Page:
It is no secret why golden parachutes exist. Although it was largely ignored in the media coverage of these transactions, the governance community believes that golden parachutes serve as antitakeover protection and are therefore viewed with suspicion as mechanisms to entrench management. This view, however, ignores the real purpose of change-in-control payouts, which is ironically the same reason that the governance community initially embraced parachutes. Golden parachutes are designed to attract and retain executives and make them neutral to mergers, thereby removing one impediment to a company sale. In other words, boards want management to act in the best interests of the shareholders, and sometimes that means deciding to sell the company in the face of a probable termination of employment. A golden parachute softens the landing.

But the opposition to the MONY and WellPoint acquisitions turned that logic on its head. The shareholders’ complaints were based on the premise that management will in fact push for a transaction that is bad for the company and its investors in order to trigger their own compensation payments. Aside from the fact that this directly contradicts the governance community’s view that golden parachutes inherently entrench management, this argument presupposes, as does most of the reformists’ logic in the post-Enron world, that executives are motivated solely by greed. And it also presupposes that a board is unable to make determinations about executives’ conflicts, their ability to act in the best interests of their shareholders, and other relevant factors when approving change-in-control contracts. Whereas judicial deference to the board’s decision-making process, of course, can help boards in lawsuits, the use of the media and other tools to oppose payments to management bypasses the judicial process and therefore can render a board’s rationale irrelevant in the forum of public opinion. Circumstances can be conveniently ignored because the bottom-line size of payments to executives evokes the most visceral public reactions.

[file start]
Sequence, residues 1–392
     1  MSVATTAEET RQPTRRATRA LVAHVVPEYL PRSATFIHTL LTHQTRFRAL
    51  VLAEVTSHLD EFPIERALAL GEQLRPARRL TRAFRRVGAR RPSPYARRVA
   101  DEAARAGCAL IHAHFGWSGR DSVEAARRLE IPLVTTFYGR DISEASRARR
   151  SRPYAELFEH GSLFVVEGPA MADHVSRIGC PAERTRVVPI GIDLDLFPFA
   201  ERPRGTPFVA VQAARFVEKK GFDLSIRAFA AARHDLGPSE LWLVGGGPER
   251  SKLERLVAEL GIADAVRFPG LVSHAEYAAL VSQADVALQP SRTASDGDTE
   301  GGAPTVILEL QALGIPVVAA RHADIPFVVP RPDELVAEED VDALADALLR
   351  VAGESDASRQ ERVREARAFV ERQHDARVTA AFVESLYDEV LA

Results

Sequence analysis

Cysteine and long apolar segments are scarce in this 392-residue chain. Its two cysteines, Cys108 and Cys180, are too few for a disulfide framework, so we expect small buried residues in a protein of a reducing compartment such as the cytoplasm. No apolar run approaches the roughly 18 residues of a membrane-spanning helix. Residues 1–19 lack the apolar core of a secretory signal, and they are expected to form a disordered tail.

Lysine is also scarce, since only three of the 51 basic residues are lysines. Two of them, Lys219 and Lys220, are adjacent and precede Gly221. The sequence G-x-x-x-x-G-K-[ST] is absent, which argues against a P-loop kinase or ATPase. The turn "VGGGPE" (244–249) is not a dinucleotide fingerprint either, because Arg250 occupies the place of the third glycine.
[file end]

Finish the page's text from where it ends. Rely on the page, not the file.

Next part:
Although the ’80s and ’90s helped prepare companies for attacks by corporate raiders, shareholder activism is a different kind of attack, and defending against it in the context of an M&A transaction arguably is as—or more—complicated than defending against a takeover. Boards, companies, and practitioners can, of course, hope that shareholder challenges to executive compensation in M&A transactions will be limited to outlying situations such as the MONY acquisition; however, given the fact that CalPERS’ crusade was instigated by a transaction involving customary parachute payments and the overwhelming support of shareholders generally, it is probably naïve to count on it. As a result, companies can and should take preemptive measures to defend against these attacks, such as reviewing parachutes to ensure that executives are adequately protected and considering funding change-in-control payments upfront or in anticipation of a change in control. In addition, provisions can be added to parachute contracts to ensure that the payments will be triggered if the contract is terminated at the request of an acquiror prior to a change in control, in order to avoid manipulation of payments at executives’ expense.

Lyle G. Ganske
Telephone: 1.216.586.7264
Lyle, a partner in the Cleveland Office, cochairs Jones Day’s Mergers & Acquisitions Practice. He is an advisor to significant companies, focusing primarily on M&A, takeovers, takeover preparedness, corporate governance, executive compensation, and general corporate counseling. Lyle has extensive experience in transactions involving regulated industries, including telecom and energy. In addition, Lyle has been involved in numerous hostile-takeover defenses.